Note: To offer more insight into the lives of nursing students, we are sending Steven, a writer for the College of Nursing, to the weekly Nursing Stress Management Course. Steven is a Middle East Studies/Arabic major.
Shortly after I entered class, Assistant teaching professor Dr. Leslie Miles was beginning to tell a story from one of the times she took nursing students to study in Finland. We all were busting a gut (or LOLing, in the terminology of my fellow millennials), but the story ended up laying the foundation for the rest of the class.
Basically, she and her students were struggling to get around during Finland’s equivalent of 4th of July. Both the public areas and the tram they managed to get on were crowded with rowdy, inebriated Finns who were making life, shall we say, interesting for the students. To make matters worse, the tram stopped far from their desired destination and the conductor, who didn’t speak English, wanted them to get off.
Through a combination of prayer and gumption, Miles somehow managed to convey to the driver that they needed to go to their hospice. Under no requirement to do so, he left his assigned route and graciously drove them through the city to their hospice, ignoring angry people waiting to board at other stations. It was nothing short of miraculous.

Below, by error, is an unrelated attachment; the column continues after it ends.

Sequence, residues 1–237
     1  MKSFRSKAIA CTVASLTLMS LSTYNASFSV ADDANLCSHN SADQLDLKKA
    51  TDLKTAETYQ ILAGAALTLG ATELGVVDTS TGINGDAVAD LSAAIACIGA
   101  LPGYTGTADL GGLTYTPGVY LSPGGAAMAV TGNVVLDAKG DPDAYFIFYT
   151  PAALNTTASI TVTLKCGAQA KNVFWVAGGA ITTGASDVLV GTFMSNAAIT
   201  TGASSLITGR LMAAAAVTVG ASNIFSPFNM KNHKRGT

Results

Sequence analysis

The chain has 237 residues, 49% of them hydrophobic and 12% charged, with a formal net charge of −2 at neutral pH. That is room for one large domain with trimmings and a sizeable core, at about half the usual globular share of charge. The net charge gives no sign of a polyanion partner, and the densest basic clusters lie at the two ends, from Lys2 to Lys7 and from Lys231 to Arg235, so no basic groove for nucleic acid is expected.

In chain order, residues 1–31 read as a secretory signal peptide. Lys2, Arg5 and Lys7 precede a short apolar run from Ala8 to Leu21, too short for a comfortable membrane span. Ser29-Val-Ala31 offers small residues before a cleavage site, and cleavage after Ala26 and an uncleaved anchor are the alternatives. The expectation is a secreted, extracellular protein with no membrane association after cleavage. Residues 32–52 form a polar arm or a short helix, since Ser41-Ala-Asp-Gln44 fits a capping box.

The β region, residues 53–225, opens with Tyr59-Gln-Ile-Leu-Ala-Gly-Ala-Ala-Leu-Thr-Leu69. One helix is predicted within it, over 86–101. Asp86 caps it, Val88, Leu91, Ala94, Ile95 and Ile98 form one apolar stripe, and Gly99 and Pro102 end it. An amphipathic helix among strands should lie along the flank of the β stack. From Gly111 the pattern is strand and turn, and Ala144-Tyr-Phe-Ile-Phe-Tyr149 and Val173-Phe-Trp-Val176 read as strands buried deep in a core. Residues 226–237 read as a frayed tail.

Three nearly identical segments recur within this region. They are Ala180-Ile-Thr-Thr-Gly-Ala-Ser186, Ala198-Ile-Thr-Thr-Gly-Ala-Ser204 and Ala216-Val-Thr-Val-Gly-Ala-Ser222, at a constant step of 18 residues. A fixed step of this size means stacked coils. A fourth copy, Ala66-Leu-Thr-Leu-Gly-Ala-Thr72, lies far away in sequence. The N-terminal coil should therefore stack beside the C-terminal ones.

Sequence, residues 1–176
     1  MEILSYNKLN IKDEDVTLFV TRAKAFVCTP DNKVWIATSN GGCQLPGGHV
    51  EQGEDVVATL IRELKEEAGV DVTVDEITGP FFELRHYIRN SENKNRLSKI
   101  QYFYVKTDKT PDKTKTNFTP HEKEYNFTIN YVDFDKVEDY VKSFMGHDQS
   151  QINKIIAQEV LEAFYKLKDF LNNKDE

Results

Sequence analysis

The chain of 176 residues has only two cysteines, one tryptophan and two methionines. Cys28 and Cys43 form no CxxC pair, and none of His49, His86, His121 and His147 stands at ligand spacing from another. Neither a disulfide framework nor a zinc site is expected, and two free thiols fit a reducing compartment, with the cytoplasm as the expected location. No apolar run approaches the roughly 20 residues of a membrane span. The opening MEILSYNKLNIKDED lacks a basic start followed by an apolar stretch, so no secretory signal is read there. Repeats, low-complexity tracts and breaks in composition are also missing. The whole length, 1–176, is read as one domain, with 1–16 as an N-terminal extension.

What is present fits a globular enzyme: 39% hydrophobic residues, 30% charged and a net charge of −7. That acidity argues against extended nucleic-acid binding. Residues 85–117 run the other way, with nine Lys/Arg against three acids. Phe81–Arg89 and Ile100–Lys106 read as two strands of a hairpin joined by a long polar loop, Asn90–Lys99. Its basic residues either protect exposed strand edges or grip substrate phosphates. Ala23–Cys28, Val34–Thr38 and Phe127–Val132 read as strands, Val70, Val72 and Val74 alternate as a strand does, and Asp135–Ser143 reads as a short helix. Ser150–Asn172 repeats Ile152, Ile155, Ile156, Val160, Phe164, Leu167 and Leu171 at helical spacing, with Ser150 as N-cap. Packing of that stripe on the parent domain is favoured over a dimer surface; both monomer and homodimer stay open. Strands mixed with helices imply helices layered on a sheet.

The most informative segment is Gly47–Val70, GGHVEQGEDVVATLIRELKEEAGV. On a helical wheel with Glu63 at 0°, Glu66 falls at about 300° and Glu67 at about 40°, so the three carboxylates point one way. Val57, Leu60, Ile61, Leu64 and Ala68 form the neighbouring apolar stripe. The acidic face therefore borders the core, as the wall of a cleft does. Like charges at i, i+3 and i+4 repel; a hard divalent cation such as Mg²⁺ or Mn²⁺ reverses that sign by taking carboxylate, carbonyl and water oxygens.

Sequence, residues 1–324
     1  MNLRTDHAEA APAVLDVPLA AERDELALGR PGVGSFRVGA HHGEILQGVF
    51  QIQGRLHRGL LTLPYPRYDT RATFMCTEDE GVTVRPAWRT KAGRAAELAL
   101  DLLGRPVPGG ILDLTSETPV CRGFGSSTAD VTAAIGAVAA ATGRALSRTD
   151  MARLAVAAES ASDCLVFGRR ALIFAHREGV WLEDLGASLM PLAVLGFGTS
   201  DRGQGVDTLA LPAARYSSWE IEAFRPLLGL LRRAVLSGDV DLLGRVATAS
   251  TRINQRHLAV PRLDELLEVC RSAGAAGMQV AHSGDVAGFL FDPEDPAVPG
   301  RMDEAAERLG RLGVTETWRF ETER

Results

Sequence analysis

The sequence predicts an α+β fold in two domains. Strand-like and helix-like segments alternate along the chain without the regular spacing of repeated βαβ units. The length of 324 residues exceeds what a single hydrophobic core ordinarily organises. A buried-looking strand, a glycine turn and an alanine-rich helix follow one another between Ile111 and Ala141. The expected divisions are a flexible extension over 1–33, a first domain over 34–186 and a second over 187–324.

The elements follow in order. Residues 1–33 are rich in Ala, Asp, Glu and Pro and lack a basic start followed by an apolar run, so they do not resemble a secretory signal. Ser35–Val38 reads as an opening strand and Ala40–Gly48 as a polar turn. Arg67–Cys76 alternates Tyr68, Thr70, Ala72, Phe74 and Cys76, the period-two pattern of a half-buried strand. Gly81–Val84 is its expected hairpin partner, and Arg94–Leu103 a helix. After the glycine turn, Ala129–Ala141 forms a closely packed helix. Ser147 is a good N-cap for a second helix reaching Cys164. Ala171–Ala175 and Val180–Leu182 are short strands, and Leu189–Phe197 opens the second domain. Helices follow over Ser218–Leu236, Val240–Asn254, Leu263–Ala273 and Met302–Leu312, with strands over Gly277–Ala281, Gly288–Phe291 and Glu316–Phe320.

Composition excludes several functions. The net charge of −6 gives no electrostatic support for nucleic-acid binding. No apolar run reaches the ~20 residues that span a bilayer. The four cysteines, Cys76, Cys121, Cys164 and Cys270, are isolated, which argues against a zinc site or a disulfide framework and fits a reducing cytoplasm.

The off-the-cuff tale was followed by the usual review of our week and our stress levels. The topic of our discussion was to be gratitude. I wondered if this would be like one of many Sunday School lessons I had heard on the topic. However, Sunday School lessons usually don’t start with a Ted Talk.
In it, a little girl and an old man give their perspectives on life. The little girl matter-of-factly acknowledges how much adventure lies outside her home, while the older gentleman says that each of us should live each day as if it were our first and our last. This was an interesting thought, since frequently, life tends to get in the way of us stopping to smell the roses or enjoying a fresh Cougar Tail.
Students discuss their stress levels.
Miles poignantly asked the students if they had lost their imagination since entering nursing school. There were chuckles, but everyone was wondering the same thing: had they?
Miles discussed how oftentimes it is hard to be grateful in stressful situations. These situations test us and push us to the limit, which makes finding things to be grateful for even more important. Calmness can come, she assured us.
Then she weaved in her earlier story—the reason that she had been calm on that tram in Finland, she said, was because “I knew that I would be guided to what I had to do.” That trust in God had allowed her to protect the students and get home safely.
With that, we were assigned to make lists of things for which we were grateful. The lists were not to be just the typical answers like life and the Gospel, but more specific ideas. Some that came to me included not having to use Roman numerals and the fact that I have shoelaces (and shoes, on top of that). As we discussed our simple responses, we realized just how much good we have in our lives.
The best part, Miles said, was that if we made it a habit to do this kind of exercise, we would be not only be more relaxed, but we would have more to talk about with Heavenly Father at the end of the day.
This class may not have had as much interactive activities like the last few times, but it did manage to open my mind more on the topic of gratitude. I could not help but think of President Hinckley, who said, “Be believing. Be happy. Don’t get discouraged. Things will work out.” How true indeed.